I like to start with neural stretches and then get into slow static work when all of the “blocks” are removed from the CNS pulsing from out of control. I woud go from PNF/AIS to microstretching to myofacial release.

How long are your post workout stretching session on speed days? What kind of time delay is there between the workout and the stretching?


This is up to the athlete…

ideal world would be 45minutes an hour and half later.

Some times the therapy is done is spoon fulls…15 minute periods during the day if you don’t do anything but training.

Originally posted by Clemson

…15 minute periods during the day if you don’t do anything but training…

This in my opinion is probably the key element in flexibility training … frequency of stretching.

I think also the concept that stretching in its self is an end or is sufficient should be dispelled.
Stretching is an element of Recovery and Regeneration which is a constituent of sports training and development.

So whats the most often you should do stretching before the marginal benefit of extra stretches is too small for the effort? 3 times a day? 5 times a day?

I’m not sure there is an ‘upper limit’, if you will.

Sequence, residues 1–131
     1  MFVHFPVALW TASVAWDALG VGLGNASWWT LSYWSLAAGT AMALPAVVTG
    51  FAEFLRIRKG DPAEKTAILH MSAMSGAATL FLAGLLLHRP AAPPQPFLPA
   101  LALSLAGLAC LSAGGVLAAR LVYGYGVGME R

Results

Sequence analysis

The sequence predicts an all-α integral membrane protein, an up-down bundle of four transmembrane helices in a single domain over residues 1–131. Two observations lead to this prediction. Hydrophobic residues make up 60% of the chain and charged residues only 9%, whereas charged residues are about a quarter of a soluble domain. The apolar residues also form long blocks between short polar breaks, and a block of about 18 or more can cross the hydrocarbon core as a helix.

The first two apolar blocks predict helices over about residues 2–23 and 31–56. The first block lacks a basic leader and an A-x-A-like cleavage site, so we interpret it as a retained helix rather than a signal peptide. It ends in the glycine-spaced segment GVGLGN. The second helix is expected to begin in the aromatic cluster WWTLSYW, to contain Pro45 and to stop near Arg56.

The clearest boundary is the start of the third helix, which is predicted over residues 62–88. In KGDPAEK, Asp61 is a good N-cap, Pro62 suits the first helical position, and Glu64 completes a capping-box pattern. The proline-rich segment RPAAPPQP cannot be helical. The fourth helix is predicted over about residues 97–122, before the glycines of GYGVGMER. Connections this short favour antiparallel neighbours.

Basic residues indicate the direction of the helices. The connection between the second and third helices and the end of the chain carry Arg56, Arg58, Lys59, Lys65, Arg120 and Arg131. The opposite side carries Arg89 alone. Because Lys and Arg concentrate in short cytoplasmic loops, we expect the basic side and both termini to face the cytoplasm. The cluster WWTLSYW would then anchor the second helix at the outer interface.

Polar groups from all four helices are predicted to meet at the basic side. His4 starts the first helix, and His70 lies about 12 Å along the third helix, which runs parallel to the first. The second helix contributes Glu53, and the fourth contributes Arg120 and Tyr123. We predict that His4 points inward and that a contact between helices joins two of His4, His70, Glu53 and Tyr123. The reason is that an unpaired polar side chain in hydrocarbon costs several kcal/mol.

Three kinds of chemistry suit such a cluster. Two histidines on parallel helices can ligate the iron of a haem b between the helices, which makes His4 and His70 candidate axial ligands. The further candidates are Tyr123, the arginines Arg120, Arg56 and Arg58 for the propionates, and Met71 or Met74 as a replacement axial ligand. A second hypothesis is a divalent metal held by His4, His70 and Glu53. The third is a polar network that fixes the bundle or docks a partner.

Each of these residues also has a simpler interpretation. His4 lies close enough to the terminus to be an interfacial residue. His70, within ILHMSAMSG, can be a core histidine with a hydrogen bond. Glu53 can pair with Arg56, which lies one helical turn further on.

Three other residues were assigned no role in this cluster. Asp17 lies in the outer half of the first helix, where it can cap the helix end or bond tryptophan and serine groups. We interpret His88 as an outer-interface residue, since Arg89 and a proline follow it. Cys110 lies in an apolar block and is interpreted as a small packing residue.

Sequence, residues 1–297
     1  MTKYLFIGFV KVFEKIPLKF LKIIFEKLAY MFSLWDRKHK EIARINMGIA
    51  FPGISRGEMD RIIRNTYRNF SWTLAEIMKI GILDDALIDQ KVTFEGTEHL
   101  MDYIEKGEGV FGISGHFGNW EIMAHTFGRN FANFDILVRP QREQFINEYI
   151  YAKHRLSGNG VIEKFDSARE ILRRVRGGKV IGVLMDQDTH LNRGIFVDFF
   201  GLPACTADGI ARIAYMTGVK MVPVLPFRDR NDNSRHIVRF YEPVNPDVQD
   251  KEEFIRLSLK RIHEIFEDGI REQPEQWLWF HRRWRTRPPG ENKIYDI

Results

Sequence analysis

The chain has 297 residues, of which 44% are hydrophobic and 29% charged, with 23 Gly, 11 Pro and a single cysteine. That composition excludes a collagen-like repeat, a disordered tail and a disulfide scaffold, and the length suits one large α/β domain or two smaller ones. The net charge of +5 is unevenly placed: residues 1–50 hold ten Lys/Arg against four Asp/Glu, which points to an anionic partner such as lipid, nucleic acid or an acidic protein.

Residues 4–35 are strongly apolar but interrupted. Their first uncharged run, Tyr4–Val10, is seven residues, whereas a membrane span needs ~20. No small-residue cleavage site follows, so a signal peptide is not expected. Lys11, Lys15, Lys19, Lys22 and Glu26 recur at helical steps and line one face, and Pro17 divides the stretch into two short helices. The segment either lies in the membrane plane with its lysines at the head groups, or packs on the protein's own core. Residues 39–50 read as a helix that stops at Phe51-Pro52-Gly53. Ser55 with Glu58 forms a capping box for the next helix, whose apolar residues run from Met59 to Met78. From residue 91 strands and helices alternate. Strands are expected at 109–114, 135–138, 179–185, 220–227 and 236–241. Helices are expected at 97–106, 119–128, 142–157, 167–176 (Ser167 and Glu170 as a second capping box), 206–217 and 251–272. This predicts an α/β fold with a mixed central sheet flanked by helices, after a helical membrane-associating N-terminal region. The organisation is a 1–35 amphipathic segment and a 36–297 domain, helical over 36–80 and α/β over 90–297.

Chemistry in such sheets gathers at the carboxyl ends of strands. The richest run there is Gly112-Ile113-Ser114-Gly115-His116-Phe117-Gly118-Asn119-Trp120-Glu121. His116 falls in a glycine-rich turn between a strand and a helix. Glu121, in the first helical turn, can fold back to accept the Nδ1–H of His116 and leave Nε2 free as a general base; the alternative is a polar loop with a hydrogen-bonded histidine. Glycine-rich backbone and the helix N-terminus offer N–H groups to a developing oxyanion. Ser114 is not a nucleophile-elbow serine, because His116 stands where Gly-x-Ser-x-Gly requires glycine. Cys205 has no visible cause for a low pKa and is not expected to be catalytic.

If we ignore pre-post training stretching, because I would consider them seperate.

I would consider short duration light stretching every 3-4 hours, maybe less, not necessarily the same muscle or group, but certainly those injury or problem muscles.
This can be AIS or static, though probably not PNF.

I think this has been covered in a previous post and I sure Clemsons book will cover in far better detail than I can.

Flexibility and stretching are too completely different things, Flexibility stretching is like weight lifting - in the same way as weight lifting can develop strength so too can stretching develop flexibility.
But stretching can also, speed recovery, be used as a warm-up, be a warm-up, possibly maintain elastiscity within the muscle, teach muscular relxation and hence reduce tension etc. etc.

The whole inclusion of stretching in regeneration, and as an element of, however is a massive topic in itself

Perhaps Clemson might add briefly to this without compromising his publication …

The exercise prescriptions are based similar to any fitness set of variables.

Frequency, intensity, type, and time or FITT. Various combos I feel are more effective then isolated methods. For example I do not find MFR effective for the calf, but TMS works well from a general lengthening view. The Stretch GRID has the following elements NO23…

When-What-how-and of course why from a self administered selection.

If MFR is myofacial release, what is TMS?


Is that myofascial release through stretching or therapy? If stretching, how do you release the myofascia through stretching?


I use ais before every practice. I have been for 2 years now. I love it. I bought one of his books. very helpful. I suggest you going out and buying it also. I forgot the name but the cover is blue. I got mine from one of his stores here in fla. All i do is ais and im ready to go. You need to get the book to see all the kinds of stretches.